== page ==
The scale of Europe’s debt problems has forced its central bank to go beyond its traditional role in order to limit the cascading effect of the crisis, the former Chairman of the U.S. Federal Reserve, Paul Volcker, told CNBC on Tuesday.
“(The ECB) is being asked to do things that are out of order in terms of their basic mission, which is to maintain monetary policy in Europe,” Volcker told CNBC in Singapore.
“Emergency accommodation was not part of their mission. But events have forced that upon them,” he added.
The central bank ramped up its purchases of European government bonds to 9.5 billion euros ($13.07 billion) in the week ended November 4, ECB’s latest bond-buying data showed. This was more than double the purchases made the previous week and took the ECB’s bond-buying program, which started in May last year, to 183 billion euros.
He added that his big biggest concern at the moment was that European Union policymakers would be unable to convince the markets that they can hold the bloc together.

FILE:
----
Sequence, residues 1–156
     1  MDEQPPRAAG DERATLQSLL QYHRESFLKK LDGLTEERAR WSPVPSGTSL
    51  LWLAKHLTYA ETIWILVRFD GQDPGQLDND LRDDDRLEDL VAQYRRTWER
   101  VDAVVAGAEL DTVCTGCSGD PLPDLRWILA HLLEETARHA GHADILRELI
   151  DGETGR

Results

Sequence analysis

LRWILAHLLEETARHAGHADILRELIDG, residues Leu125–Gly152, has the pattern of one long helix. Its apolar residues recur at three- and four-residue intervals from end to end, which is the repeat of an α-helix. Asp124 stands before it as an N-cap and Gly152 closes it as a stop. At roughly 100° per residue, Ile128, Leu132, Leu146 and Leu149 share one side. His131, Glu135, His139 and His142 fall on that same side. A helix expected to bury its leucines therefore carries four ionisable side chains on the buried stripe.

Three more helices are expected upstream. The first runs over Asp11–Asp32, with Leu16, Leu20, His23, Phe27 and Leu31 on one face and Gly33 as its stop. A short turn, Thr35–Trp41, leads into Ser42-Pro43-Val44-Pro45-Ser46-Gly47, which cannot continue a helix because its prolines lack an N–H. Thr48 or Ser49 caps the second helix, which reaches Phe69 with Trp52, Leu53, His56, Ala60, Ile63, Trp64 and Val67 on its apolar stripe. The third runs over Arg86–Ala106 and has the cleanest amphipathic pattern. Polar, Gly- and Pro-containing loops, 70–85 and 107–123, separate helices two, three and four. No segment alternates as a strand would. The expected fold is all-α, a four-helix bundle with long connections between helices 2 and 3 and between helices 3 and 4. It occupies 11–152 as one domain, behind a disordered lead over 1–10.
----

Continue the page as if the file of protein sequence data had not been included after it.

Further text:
“There's some difference of opinion as to how to proceed politically…all that makes it very difficult. I think they have the elements of a program agreed. But, whether it's agreed in the size and the force that's necessary remains in question.”
In late October policymakers agreed to a 440 billion euro European Financial Stability Fund (EFSF). However, a method for leveraging the fund has yet to be decided.
“They have to provide some funds to support Italy and Spain during this crucial period. Greece has been relieved of some of its debt burden. (These) are all important steps, but they haven't been implemented in full yet and with sufficient force.”
US Economy ‘Slogging’ Along
With regard to the U.S. economy, Volcker - who until January was the Chairman of the Economic Recovery Advisory Board in the Obama administration - said it was "slogging" along, with unemployment and the housing market remaining key concerns. “People are unhappy and understandably so,” he said.
However, Volcker declined to comment on whether the U.S. Federal Reserve would embark on another round of quantitative easing or QE3 to stimulate the economy.
“The Federal Reserve has interest rates down to zero and ample liquidity in the economy obviously (it) has done what it can do,” he said.